*Method warning* Controlling the means by which people can kill themselves is an effective form of suicide prevention – the Israeli army stopped allowing soldiers to bring home their firearms and this led to a 40% reduction in suicides, for example. This article argues that, “American suicide rate would be much lower if guns were not so prevalent in our civil society. A landmark 2018 National Institutes of Health–funded study conducted by the RAND Corporation found a strong correlation between communities with high rates of gun ownership and high suicide rates. The NIH study also confirmed other research showing that the stronger a state’s gun laws, the less likely the state is to have a high suicide rate. Universal background checks, locally issued gun permits, and waiting periods—policies that put time between a decision to purchase a gun and the gun’s receipt—all lead to fewer suicides.”

How Men Can Feel More Open Talking About Suicide PreventionMen’s Health
September 1, 2020
It can be difficult for people to discuss suicide, and especially men, who often face societal pressure to never discuss their feelings, let alone their mental health and thoughts of suicide. “As human beings, men and women, we all struggle at different times,” says Christine Moutier, M.D., the chief medical officer at the American Foundation for Suicide Prevention. “So suicidal thoughts and anything along that kind of spectrum is actually so much more common than any of us really realize, and these are things we can and should talk about.” It’s important for men, especially, to feel comfortable to talk about suicide because men die by suicide three times more often than women. “The idea that men don’t talk about these things and don’t get therapy—that’s not true anymore. Men absolutely avail themselves to therapy and can benefit from it tremendously,” said Moutier.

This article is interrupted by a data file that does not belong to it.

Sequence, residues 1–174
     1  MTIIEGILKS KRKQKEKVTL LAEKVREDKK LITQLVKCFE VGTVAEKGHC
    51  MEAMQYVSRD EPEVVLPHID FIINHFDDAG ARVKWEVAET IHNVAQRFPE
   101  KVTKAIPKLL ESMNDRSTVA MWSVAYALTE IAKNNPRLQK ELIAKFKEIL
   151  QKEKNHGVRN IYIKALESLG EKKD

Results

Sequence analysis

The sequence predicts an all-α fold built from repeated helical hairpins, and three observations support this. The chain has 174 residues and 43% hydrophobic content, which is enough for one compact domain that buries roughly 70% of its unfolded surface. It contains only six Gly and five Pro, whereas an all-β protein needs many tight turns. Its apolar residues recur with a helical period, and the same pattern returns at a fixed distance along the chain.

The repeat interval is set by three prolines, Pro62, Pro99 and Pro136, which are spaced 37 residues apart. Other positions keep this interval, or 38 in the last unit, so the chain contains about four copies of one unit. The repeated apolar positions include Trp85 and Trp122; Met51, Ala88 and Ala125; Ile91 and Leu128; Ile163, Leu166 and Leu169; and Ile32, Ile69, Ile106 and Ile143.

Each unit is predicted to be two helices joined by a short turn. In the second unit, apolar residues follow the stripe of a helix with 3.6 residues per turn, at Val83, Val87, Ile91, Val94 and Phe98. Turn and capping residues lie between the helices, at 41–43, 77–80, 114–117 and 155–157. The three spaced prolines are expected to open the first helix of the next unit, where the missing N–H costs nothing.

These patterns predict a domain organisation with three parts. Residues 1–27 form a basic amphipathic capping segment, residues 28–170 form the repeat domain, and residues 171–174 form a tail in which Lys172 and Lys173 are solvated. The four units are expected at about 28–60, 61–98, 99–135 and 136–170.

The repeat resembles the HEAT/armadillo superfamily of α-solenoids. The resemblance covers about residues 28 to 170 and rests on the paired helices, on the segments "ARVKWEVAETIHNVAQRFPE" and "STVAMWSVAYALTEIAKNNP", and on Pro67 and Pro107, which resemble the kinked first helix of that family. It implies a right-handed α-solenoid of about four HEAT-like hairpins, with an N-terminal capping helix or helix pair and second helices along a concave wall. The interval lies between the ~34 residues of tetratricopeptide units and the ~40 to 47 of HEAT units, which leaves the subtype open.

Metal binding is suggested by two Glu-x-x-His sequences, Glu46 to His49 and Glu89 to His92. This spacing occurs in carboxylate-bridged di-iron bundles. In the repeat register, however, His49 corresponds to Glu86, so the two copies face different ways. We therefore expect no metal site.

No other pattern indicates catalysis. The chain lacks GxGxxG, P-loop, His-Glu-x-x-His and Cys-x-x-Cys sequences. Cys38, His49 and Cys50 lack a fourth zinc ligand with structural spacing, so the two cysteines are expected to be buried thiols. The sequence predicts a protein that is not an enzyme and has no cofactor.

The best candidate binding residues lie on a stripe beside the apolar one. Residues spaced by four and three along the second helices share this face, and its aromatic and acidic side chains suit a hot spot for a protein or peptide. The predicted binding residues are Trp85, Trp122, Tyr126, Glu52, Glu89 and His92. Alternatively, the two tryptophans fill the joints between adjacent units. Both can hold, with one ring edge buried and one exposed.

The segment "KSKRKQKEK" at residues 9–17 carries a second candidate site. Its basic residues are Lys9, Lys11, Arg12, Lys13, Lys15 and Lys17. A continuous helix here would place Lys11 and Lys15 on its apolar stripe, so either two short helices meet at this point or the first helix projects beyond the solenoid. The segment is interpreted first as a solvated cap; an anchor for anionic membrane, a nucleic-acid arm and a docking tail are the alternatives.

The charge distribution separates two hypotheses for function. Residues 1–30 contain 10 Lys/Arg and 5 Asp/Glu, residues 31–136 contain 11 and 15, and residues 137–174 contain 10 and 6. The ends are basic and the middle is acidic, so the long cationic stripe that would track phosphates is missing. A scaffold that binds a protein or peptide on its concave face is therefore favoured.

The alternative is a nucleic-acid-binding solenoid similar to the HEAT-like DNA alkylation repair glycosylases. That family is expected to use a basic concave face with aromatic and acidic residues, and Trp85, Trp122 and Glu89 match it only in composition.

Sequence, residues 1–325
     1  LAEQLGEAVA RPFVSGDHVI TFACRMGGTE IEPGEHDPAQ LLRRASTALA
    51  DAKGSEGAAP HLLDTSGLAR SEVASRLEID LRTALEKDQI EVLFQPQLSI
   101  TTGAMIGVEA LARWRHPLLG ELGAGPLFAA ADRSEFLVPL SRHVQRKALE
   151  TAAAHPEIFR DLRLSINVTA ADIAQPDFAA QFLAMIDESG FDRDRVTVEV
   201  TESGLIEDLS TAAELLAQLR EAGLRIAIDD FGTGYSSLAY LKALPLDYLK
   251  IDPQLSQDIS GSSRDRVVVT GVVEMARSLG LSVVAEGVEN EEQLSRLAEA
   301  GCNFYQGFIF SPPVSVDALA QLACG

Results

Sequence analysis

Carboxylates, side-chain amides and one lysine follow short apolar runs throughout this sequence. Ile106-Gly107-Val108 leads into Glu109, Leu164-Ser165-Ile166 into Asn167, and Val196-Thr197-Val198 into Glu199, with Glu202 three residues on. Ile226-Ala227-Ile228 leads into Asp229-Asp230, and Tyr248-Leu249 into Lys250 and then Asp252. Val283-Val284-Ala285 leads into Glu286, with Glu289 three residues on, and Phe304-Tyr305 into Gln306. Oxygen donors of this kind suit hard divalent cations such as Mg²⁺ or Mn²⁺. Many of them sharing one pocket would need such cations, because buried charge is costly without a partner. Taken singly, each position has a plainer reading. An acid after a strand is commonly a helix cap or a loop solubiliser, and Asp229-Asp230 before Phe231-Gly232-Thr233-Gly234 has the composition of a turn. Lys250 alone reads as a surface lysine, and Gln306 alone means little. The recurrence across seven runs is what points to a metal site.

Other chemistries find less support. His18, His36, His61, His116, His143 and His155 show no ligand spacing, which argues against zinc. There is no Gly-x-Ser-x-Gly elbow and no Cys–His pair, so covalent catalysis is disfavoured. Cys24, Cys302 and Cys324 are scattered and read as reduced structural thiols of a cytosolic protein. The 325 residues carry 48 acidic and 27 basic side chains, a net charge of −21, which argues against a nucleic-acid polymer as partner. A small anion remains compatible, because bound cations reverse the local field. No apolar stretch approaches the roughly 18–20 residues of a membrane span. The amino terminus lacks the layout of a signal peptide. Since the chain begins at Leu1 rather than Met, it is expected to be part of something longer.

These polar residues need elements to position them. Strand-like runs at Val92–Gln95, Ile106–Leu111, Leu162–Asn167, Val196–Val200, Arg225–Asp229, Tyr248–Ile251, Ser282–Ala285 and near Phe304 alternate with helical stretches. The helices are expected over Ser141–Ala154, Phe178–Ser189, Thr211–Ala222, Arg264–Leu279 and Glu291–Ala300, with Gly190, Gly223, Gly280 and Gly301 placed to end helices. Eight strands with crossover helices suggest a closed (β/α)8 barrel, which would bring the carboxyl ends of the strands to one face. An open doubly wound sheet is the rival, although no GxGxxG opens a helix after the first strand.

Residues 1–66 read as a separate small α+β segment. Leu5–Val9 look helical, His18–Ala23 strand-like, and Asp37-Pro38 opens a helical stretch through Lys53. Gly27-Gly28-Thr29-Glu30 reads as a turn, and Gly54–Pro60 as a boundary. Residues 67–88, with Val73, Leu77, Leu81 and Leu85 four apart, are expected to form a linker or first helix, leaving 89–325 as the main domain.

Mental Health, Suicide, and the COVID-19 PandemicPsychology Today
September 1, 2020
In 2020, the US Centers for Disease Control and Prevention has reported that suicide deaths for people  16 to 64 have increased 35% in less than 20 years. New factors related to the COVID-19 pandemic could contribute to a further increase, including factors like social isolation, loneliness, unemployment, grief, trauma, and a widening of the net of groups at-risk for mental health conditions. We all have a role to play in preventing suicide by looking out for those around us: are they exhibiting signs that they’re struggling? If so, we can support them by letting them know we’re there for them, and creating a safety plan, which includes calling 911 in case of imminent suicide plans. Asking them to talk about what their emotional pain feels like can also be a helpful process for them, in addition to asking if there is anything you can do to help them feel better, and helping them access therapy.

Male suicide rate hits two-decade high in England and Wales | SocietyThe Guardian
September 1, 2020
The Office for National Statistics in the UK has published data finding that there was an increase in male suicide rates in England and Wales – their rate is now 16.9 per 100,000, compared to 5.3 per 100,000 for women. Both numbers are the highest they’ve been since around 2004 – though the male rate is consistent with 2018 data. Vicki Nash, the head of policy and campaigns at the charity Mind, said: “Not all suicides are mental health-related but many are, and we know that a significant proportion of people who take their own lives have asked for support for their mental health within the last 12 months, which means that services are failing people when they need help the most. With more and more people seeking support for their mental health, it is absolutely crucial that services are equipped to meet the demand. No one in touch with services, asking for help, should reach the point of taking their own life.”